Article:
|Neutrino physicists from around the world met at Fermilab to learn the GENIE code. Photo: Reidar Hahn|
When most people hear the word “genie,” they get ready to make a wish. When neutrino physicists hear it, they think of a simulation program the community uses to study the ghostly particles.
Last week more than a dozen physicists visited Fermilab for a meeting of the collaboration behind GENIE. As one of the few places with expertise in the software, Fermilab served as a hub for the user community where students and postdocs came to be trained in the program.
Steering clear of slide shows, scientists at the GENIE collaboration meeting spent the week hunched over various laptops, working on adding new physics models and options to the code.
“With GENIE, we’re attempting to understand and help resolve issues confronting the next generation of experiments at the Intensity Frontier,” said GENIE spokesperson Costas Andreopoulos of the University of Liverpool and STFC’s Rutherford Appleton Laboratory. “We appreciate the effort by Fermilab to host this.”
GENIE is an event generator — a program that spits out different particle event scenarios based on the interaction model that’s fed to it. In particular, GENIE simulates interactions between a neutrino and a target atom. Scientists use event generators to better understand signals in their detectors. By comparing predictions from well-understood physics, they can isolate new phenomena.
GENIE isn’t the only neutrino-event generator out there, but it’s the only one that’s universal: It can handle all neutrino species, all types of interaction targets and all energy ranges. Other neutrino event generators — home-grown project-specific programs focused on a particular neutrino physics model — can’t be used to explore possibilities beyond that model. When Andreopoulos and others developed GENIE — which stands for Generates Events for Neutrino Interaction Experiments — from 2004 to 2006, they designed it to be applicable to any kind of neutrino interaction.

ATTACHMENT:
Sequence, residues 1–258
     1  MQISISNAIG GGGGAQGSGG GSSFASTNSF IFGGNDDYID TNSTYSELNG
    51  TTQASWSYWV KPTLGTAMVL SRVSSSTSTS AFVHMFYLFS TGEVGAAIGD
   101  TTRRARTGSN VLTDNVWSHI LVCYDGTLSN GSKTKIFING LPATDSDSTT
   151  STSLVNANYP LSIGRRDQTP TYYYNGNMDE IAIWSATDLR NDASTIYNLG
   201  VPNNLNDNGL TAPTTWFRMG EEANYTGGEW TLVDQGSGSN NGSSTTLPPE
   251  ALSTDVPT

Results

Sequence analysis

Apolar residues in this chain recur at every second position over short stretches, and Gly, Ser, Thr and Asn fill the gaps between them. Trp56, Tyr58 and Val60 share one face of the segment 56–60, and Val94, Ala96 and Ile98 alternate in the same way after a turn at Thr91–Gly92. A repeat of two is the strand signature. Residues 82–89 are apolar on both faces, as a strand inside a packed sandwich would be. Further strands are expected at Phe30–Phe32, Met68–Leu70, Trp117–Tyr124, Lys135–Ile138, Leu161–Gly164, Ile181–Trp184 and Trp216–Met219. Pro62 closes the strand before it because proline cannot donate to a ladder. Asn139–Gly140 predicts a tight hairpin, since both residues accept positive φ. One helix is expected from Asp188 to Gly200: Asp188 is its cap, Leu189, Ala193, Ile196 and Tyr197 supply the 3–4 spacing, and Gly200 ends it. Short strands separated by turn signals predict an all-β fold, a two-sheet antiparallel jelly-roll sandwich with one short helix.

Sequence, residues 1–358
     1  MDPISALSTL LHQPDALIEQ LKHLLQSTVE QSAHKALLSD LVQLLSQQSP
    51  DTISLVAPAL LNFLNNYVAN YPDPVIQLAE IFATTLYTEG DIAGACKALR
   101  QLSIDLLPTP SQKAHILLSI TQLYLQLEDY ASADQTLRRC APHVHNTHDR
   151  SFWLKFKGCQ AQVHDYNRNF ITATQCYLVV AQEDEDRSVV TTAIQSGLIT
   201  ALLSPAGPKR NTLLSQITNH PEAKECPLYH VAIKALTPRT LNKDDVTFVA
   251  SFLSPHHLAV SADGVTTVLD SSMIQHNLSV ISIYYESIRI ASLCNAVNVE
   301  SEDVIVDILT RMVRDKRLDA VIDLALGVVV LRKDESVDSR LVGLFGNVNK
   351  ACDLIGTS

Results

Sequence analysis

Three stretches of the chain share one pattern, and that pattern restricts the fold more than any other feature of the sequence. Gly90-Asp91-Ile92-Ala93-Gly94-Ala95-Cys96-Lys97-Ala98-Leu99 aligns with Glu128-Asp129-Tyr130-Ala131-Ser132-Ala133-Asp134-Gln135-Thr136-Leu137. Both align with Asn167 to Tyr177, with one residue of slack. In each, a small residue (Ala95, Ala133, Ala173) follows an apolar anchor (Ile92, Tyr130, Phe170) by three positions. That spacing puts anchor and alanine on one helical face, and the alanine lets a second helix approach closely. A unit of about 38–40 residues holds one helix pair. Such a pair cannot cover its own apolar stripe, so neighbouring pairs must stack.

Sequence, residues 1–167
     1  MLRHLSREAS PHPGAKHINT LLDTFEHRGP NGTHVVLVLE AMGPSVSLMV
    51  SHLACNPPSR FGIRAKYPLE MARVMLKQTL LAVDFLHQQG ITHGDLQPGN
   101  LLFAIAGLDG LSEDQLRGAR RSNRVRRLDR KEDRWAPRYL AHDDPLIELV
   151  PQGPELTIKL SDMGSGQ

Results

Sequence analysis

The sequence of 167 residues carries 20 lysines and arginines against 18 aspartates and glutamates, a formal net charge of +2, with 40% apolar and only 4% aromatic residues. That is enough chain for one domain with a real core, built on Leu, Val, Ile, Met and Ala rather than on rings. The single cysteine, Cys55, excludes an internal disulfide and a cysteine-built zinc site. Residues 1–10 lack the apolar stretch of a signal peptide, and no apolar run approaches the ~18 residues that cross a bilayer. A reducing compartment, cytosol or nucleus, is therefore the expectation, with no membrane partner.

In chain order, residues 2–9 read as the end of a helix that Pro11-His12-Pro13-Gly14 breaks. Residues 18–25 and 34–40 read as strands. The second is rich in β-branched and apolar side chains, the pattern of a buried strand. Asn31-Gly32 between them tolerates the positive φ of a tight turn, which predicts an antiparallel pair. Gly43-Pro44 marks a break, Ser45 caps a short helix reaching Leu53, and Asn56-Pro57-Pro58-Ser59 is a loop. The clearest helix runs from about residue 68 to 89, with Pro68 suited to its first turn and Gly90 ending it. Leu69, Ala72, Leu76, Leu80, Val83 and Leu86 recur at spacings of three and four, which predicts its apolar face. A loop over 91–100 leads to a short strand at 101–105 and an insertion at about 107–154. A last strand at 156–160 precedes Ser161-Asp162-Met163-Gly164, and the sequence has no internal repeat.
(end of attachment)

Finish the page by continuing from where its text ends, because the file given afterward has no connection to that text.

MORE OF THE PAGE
“We aimed to produce a design that allows you to put multiple models into the generator,” Andreopoulos said. “That flexibility wasn’t there from the beginning in other neutrino-event generators.”
And whereas with other comparable software, only scientists on the project in question can provide input, anyone conversant in GENIE can contribute to its development.
“A large number of people can contribute to GENIE,” said Fermilab’s Gabriel Perdue, main organizer of the workshop. “It’s like a crowd-sourcing tool for the neutrino set, so it’s superior for large-scale collaboration compared to other similar programs.”
GENIE serves the entire neutrino community, but only a handful of scientists have strong expertise in it. So representatives from diverse experiments — IceCube, LBNE, MicroBooNE, MINERvA and T2K — convened at the Fermilab meeting to learn the program. Steve Brice, head of Fermilab’s Intensity Frontier Department, hopes that soon its use will become widespread.
“With the workshop, this code can go from being a small-scale project with two or three developers to something that’s prevalent in the user community,” Brice said. “With so many new people on neutrino physics from so many collaborations, we can expect great progress on some difficult problems in neutrino interaction simulations.”